I recognise that I cannot fight this battle since the lure of unhealthy treats is also a struggle for adults. So I resort to two approaches, in the hope of raising awareness in my children on how to manage their intake of these food.

1) Educate them

As children, they are naturally curious. They ask endless ‘why’s and I thought I’d capitalise on that to their health benefit by sharing interesting facts about food and nutrition with them. It need not be intentional, but coming from an angle of feeding their interest in how things work, and why it is so.

Over at breakfast today, J1 was eating a strawberry yoghurt muesli bar as well as half a cup of less sweetened soy drink. Not to mention, the yoghurt bar was a sweet treat indeed and he takes it once in a blue moon. Anyway, I resisted restraining him from this request of eating a bar at breakfast. His face crumpled into disgust after he took a sip of the soy drink halfway into the yoghurt bar.

I asked him, “Doesn’t it taste yucky?” He nodded. I went on to explain why food that was supposed to be great tasting would suddenly turn yucky after a really sweet snack. His eyes widened.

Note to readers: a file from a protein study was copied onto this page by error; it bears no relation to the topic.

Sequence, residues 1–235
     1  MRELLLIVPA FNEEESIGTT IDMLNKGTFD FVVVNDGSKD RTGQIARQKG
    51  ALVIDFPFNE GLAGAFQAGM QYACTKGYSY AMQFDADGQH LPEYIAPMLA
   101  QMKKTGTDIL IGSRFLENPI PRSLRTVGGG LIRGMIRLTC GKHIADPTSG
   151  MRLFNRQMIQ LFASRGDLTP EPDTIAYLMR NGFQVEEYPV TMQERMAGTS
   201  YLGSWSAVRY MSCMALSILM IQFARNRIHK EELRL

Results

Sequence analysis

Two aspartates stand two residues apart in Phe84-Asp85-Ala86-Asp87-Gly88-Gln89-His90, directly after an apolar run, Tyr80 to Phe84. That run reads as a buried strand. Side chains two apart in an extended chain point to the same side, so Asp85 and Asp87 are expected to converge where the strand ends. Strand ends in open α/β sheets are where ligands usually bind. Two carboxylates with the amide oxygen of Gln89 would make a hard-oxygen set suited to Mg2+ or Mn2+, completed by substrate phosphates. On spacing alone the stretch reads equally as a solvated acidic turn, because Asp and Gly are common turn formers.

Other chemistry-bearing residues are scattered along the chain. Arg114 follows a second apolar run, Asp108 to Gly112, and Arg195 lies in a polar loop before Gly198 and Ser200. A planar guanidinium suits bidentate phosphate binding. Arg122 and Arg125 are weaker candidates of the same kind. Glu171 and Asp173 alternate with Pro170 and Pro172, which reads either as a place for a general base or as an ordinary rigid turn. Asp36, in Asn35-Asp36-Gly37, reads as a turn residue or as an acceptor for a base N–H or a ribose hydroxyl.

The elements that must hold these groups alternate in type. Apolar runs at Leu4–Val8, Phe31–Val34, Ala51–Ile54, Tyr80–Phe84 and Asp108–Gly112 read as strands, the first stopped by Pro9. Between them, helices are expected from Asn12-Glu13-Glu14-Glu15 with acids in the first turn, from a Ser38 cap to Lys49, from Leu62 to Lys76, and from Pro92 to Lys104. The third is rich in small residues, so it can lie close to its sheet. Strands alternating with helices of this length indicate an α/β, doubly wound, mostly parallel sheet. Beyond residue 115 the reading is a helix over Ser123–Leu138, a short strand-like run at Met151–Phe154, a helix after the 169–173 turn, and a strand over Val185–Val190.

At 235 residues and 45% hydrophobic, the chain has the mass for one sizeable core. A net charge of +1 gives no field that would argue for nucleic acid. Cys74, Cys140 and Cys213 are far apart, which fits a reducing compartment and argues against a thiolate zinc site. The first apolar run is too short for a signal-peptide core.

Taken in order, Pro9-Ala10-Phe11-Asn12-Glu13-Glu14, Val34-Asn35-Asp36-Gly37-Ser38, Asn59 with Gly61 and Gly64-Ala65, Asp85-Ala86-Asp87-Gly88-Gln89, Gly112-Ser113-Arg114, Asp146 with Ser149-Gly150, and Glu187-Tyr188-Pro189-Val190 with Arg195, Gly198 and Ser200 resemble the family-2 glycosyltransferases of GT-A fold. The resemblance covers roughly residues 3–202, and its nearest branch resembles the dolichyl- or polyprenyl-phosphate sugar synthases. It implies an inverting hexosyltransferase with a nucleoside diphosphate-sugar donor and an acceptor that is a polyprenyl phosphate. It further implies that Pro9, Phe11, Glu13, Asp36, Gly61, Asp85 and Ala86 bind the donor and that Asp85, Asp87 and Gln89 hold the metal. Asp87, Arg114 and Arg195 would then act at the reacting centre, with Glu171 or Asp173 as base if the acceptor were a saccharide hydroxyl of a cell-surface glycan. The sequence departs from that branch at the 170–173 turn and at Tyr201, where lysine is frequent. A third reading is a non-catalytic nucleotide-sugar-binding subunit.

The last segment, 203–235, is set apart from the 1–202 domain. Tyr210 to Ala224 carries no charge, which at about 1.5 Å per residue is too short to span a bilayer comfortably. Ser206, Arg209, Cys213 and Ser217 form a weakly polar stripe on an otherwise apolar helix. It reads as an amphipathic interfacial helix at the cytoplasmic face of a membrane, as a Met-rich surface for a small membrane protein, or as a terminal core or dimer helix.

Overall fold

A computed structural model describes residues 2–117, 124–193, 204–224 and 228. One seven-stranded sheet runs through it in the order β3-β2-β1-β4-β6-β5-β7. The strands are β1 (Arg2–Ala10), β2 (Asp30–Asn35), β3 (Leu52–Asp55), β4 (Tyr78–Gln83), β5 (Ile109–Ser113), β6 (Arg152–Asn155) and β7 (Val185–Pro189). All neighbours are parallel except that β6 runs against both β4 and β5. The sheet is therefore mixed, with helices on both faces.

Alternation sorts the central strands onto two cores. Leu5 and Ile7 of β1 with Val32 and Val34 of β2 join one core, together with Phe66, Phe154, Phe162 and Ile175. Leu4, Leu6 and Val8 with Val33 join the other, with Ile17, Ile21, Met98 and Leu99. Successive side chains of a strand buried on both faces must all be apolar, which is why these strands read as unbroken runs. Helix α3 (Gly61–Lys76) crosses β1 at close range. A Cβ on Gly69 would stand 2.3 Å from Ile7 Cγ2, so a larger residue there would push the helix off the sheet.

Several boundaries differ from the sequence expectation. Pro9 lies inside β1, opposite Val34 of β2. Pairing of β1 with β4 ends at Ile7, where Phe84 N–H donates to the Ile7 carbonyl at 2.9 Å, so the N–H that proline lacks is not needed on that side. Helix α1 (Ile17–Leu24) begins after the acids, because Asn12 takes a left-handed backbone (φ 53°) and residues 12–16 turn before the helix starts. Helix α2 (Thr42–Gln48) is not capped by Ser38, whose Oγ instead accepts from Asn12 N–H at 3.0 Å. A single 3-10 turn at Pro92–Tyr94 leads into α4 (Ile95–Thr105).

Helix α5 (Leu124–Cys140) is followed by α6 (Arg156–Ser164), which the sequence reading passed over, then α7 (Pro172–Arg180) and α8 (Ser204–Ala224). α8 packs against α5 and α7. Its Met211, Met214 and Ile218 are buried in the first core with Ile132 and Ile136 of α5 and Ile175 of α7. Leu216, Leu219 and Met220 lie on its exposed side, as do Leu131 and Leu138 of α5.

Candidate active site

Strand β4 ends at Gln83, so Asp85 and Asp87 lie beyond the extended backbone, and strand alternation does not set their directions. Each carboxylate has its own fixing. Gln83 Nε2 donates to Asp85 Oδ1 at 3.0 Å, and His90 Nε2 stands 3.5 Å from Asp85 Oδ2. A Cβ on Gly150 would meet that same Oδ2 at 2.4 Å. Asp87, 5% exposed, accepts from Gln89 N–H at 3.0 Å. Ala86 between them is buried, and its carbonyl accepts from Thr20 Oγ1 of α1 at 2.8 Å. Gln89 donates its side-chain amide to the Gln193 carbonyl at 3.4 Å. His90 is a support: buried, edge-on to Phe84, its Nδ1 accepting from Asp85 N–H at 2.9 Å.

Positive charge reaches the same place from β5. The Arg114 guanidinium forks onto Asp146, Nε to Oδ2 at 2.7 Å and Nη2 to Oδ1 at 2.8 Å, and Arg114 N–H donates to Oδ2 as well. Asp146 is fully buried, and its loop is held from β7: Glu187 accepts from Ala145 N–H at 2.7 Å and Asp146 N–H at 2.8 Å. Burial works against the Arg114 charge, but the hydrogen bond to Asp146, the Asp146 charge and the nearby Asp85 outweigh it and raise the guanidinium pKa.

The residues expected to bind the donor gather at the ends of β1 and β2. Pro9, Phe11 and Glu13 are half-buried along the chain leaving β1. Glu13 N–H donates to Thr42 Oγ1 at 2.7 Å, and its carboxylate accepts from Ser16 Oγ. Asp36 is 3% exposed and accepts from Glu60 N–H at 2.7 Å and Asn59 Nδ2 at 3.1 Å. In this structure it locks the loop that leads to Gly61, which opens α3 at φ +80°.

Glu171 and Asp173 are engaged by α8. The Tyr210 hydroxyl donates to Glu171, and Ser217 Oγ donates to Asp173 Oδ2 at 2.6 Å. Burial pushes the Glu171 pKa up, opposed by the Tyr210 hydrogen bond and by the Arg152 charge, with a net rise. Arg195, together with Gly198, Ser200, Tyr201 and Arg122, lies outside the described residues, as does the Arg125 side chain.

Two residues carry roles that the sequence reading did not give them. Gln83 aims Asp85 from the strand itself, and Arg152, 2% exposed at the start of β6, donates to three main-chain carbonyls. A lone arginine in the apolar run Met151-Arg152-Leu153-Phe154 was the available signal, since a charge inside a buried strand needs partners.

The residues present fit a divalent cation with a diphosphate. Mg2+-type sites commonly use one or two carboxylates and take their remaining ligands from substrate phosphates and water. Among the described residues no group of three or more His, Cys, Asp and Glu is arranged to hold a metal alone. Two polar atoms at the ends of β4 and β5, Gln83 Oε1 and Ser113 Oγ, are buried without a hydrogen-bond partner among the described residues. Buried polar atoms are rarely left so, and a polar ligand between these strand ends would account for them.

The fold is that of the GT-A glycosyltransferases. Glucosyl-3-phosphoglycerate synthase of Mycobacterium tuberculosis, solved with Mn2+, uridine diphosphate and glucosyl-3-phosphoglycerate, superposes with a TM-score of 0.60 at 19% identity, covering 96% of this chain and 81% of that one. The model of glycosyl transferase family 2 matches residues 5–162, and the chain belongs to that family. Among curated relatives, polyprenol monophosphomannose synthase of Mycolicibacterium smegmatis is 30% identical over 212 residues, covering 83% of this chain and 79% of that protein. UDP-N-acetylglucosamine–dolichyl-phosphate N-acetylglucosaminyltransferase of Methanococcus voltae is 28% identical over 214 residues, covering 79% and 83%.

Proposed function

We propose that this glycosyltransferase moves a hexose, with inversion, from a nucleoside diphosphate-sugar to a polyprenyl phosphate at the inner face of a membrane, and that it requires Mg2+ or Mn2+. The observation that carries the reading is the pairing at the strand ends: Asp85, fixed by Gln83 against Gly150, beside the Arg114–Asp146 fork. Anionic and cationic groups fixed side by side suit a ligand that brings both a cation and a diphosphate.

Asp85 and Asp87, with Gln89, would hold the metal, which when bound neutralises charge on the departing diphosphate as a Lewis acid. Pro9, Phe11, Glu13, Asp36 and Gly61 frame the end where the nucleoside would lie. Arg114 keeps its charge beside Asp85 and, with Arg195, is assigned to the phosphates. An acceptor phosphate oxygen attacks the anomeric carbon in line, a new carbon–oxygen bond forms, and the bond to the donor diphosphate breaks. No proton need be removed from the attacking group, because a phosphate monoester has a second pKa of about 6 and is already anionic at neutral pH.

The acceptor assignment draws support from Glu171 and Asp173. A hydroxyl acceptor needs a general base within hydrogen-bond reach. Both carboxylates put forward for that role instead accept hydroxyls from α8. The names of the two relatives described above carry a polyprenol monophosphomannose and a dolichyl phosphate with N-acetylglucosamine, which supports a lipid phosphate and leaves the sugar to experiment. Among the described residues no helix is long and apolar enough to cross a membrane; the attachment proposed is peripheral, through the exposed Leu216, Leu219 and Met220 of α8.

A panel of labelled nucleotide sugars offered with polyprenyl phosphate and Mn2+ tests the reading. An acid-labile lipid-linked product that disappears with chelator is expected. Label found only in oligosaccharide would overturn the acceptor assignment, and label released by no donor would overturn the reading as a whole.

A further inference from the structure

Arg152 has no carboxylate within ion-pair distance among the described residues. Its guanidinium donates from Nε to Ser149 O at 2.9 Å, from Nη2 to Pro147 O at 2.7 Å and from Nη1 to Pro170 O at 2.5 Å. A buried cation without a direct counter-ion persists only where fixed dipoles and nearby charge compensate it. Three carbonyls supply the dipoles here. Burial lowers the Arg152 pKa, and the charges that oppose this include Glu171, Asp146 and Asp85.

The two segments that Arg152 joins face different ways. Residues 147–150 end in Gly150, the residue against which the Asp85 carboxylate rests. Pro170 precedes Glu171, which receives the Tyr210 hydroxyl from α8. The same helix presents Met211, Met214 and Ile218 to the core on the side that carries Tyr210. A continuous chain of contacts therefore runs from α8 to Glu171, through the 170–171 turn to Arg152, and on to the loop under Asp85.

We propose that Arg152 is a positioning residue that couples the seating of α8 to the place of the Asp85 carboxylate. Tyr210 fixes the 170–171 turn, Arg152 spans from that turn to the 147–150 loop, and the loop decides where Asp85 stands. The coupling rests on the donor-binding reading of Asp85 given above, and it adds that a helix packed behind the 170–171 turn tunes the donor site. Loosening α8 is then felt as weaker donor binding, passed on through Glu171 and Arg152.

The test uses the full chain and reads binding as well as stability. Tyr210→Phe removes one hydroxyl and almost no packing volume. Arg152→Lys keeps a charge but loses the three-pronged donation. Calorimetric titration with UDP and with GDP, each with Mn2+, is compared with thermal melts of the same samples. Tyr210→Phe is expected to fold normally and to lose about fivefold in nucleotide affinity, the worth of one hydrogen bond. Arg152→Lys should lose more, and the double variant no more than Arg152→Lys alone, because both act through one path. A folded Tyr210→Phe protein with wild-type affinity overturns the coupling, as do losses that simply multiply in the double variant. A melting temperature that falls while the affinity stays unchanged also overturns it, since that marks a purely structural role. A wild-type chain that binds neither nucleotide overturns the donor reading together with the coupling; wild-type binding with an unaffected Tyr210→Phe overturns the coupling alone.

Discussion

We concluded that perhaps his yoghurt muesli bar may sound like a healthy snack, but was in actual fact too sweet a food item for him, and that he could consider consuming less of it from time to time. After the chit chat, he seemed hesitant to finish up his soy drink. I told him that since he had stopped eating his bar for quite awhile, the soy drink would not taste yucky anymore. Reluctantly, he tried the drink and was surprised that the drink tasted normal now. 😁

2) Replace processed sweet treats or provide snacks that are healthier options. I find this sustainable and also gives alternatives to feed that sweet tooth… 😆 Examples include wolfberries, cranberries, cut fruit (apples, pears), with dressings such as Greek yoghurt and cinnamon to spice it up. These days, we try jam made from fruit as well, with less added sugars and peanut butter, which does not spike blood sugar levels.

Of course these go a long way, and I look forward to seeing my children make more informed decisions as they grow up. What heartens me is that these changes don’t come overnight. When they come, it simply brightens your day to know that they are a step more aware of the implications of eating different types of food.

I have a lot to learn as well, and every time a discovery is made, it helps to apply it so that the knowledge sticks better in memory. ☺️

We don’t necessarily need a health scare, or a diet restriction by the doctor, in order to change our lifestyle. Try that better lifestyle every now and then, where there lies a choice to. You’d be surprise of the benefits that they bring you (and your family).

Cheers to a healthier living!

P/S: My heart skipped a beat when J1 told me to fill his water bottle a little fuller today, before he went to school. His reason?

“Mummy, today my snack in school is a bit more unhealthy. It’s char kuey teow… so I’d like to drink more water with it.” 🤗

No, I do not pity myself

No, I do not pity myself